- With the additions of Iggy and Toney Douglas, potentially one of the best defensive teams in the league. Consider this odd line-up: Bogut, Green, Iggy, Bazemore, Douglas. How many teams have the ability to surround an all-pro defensive center with four stoppers? In a computer simulation, that lineup could beat many teams in the league by a final score of 68-66.
- Stoppers at every position, shooters at every position, size at every position, speed at every position. The Warriors have one of the most versatile rosters in the league. They can match up with anyone, in any style.
That is an awful lot of highests, bests, and mosts. I agree with Joe Lacob (you can pick yourself up off the floor now): the reconfigured Warriors quite possibly have the most talented roster in the league.
There are a few significant question marks. The depth at center, for one. As healthy as Bogut feels and looks right now, I don’t for a minute believe he’ll get through the season without a recurrence of his ankle arthritis. (Osteoarthritis never gets cured, never goes away, particularly in 260 lb. NBA players.) The chances of Jermaine O’Neal getting through an entire season healthy are roughly one in a million. And I am extremely skeptical of Festus Ezeli’s return this year.
But consider this, the less healthy those players are, the more Mark Jackson will be forced to play the Warriors’ BEST lineups. I refer of course, to those lineups featuring Lee/Speights at center, and Barnes/Green at PF. Those smallball stretch lineups produced the Warriors’ highest positive point differential last year, and I have no doubt will do so again this year. Especially with the addition of Iggy to reinforce the defense and rebounding.
The Warriors have another big question mark at back-up point guard. And particularly in whether they can replace the veteran second-unit and crunchtime leadership and shooting of the departed Jarrett Jack. Toney Douglas is not known for his decision making and consistency, to put it mildly.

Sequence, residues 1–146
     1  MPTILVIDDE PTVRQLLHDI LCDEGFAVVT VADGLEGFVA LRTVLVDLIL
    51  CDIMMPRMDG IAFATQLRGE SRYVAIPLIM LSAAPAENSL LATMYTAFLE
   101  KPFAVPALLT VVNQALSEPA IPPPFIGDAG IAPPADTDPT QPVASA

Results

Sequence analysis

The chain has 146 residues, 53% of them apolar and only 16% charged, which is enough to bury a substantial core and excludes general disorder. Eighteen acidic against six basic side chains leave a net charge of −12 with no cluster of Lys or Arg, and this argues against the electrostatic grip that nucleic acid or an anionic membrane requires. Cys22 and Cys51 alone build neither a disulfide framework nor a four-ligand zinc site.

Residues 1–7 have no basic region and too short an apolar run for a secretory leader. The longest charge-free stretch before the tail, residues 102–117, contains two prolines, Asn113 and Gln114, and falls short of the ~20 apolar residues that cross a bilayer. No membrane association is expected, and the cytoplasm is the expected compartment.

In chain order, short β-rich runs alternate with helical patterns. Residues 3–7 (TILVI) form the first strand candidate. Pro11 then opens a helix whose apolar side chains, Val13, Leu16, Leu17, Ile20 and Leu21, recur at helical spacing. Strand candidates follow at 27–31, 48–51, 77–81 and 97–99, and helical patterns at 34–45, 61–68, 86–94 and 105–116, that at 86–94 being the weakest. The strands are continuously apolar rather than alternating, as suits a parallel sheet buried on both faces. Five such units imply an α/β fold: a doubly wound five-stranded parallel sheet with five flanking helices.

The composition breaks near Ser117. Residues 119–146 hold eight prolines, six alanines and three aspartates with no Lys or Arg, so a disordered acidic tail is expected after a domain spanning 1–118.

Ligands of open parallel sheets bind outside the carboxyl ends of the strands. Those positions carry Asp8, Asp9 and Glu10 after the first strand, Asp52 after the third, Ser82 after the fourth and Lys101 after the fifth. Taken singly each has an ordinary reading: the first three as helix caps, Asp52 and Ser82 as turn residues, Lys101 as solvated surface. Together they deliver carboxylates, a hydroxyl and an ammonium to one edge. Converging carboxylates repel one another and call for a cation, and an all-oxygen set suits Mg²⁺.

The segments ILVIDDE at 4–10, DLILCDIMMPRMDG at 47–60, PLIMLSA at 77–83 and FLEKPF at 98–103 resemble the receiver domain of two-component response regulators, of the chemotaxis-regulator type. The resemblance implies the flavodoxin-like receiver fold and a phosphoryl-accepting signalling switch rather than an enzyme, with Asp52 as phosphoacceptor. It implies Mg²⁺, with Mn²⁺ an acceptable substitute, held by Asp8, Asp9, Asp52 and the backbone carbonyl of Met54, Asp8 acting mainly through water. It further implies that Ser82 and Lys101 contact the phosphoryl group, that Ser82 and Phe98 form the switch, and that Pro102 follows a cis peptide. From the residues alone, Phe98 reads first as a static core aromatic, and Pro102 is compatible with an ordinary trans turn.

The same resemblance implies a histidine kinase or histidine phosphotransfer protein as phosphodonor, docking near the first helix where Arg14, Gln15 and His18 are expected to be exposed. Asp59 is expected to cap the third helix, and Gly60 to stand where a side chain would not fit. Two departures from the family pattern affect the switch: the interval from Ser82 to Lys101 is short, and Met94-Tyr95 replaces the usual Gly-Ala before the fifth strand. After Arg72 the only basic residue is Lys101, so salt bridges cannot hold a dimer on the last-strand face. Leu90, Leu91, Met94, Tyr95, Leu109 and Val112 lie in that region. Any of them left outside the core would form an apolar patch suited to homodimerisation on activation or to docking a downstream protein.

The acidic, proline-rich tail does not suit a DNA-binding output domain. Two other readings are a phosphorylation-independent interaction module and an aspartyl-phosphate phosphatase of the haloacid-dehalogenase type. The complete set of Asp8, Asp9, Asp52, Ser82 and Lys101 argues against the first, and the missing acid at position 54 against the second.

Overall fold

But I’m pretty sure the Warriors can work around this issue. For one thing, they don’t need to put a purely reserve second unit on the floor. They can blend the first and second units. Particularly to start the season, I don’t think that Curry and Iggy should ever both be off the floor at the same time. I think quite often we’ll see Iggy take over the point guard duties, and stabilize the second unit.
And while Jack’s aggressive shot-taking was absolutely essential last season, the Warriors’ addition of O’Neal and Speights — centers that can shoot — and willingness to play Barnes at the four, would make it far less so. The Warriors have absolutely no need to play 3 on 5 this season.
The last major question mark I see concerns the departure of coach Mike Malone, the man who seemed to draw up all of the Warriors’ plays last season. Can Mark Jackson and newly promoted Darren Erman handle the X’s and O’s with the same aplomb they were handled last year? As I’m not an insider, I don’t know the answer to this.
But judging from Malone’s resume before he came to the Warriors, and in particular his complicity in forcing Lebron James to walk the ball up for the Cleveland Cavaliers, there is little doubt in my mind that it was Mark Jackson who was responsible for the overall strategic direction that made the Warriors so good last season: Pushing the tempo, the emphasis on early offense, freeing up Curry, Thompson and Jack to aggressively look for their own shots, and the willingness to play small ball in crunchtime.
I’m a little worried that Jackson might stumble out of the gate, by starting Harrison Barnes at his worst position, small forward, and forcing Klay Thompson into an unnatural sixth-man role. I discussed this issue in my previous post. But I have faith in Jackson to get it right in the end. He earned it from me last season.
Warriors fans, this is the best Warriors team since the Rick Barry era. And this is the weakest Western Conference in over 20 years. It’s ripe for the plucking.
This is the season.
(Part Two of my Western Conference Forecast)